Monday, June 13, 2011

Update on Satchmo's condition and on the feral kittens!

Well, I wrote this post once already and the lovely Blogger lost my post, so here it is again.  I only hope I get everything back into the post.

As I mentioned before, Satchmo recovered well from his liver surgery but all of a sudden began having seizures.  I took him to see the doggie neurologist--who would have thought there would even be such a thing--and we met the most wonderful lady vet.  She really loved Satchmo, but his manners were not quite as good as I would have liked.  He growled at her every time she tried to touch him.  I guess he was just not at his best that day.


Anyway, we talked about the pros and cons of antiseizure medications with the complication of his liver issue.  We finally agreed to try a low dose medication that is not as hard on the liver.  He took it fine and had no side effects that I could tell so I thought all was good.  Not so....he still had two more seizures.  So I called her back and she said to increase his dose because she had started him on the lowest possible dose and if that wasn't working, then he needed a little more.  So, now it has been a week with no seizures and no side effects.  I hope that is a good sign.  I think I will take it as one.

Now, as to the 4 feral kittens, I signed up at the Austin Humane Society to use the Trap-Neuter-Release program.  So far, three of the babies have been caught, neutered and released back out onto my porch.  That fourth one is really skittish, but I hope to catch him/her tonight and take him/her on Wednesday morning.  Then I will be finished with my obligations and these baby kitties will have a chance at a better life without baby-making engines.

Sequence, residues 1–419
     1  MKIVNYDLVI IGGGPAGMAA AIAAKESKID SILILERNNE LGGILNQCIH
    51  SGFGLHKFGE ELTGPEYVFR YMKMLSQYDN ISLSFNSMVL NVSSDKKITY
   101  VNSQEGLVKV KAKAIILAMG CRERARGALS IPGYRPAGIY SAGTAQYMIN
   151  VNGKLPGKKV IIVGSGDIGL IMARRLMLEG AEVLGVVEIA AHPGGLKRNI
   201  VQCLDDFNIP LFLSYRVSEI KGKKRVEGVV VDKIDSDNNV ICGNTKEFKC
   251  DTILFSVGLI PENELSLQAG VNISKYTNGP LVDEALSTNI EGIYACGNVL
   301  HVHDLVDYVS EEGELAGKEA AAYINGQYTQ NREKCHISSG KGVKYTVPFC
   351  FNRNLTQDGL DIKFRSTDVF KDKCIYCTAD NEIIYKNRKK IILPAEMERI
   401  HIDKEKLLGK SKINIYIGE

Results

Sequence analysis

If you have never heard of this particular program, I highly recommend it and encourage you to check it out in your hometown.  Each of these kittens got a rabies shot, wormed, had flea and tick medication applied, and was examined by a vet--as well as the actual surgery to remove the baby-making machines.  The only cost is a little bit of my time trapping, transporting, and recovering them.  Not too shabby.  This really is the best way to control the feral cat population.

So, keep your fingers crossed that I actually get that darn cat tonight or tomorrow night so I can be done!
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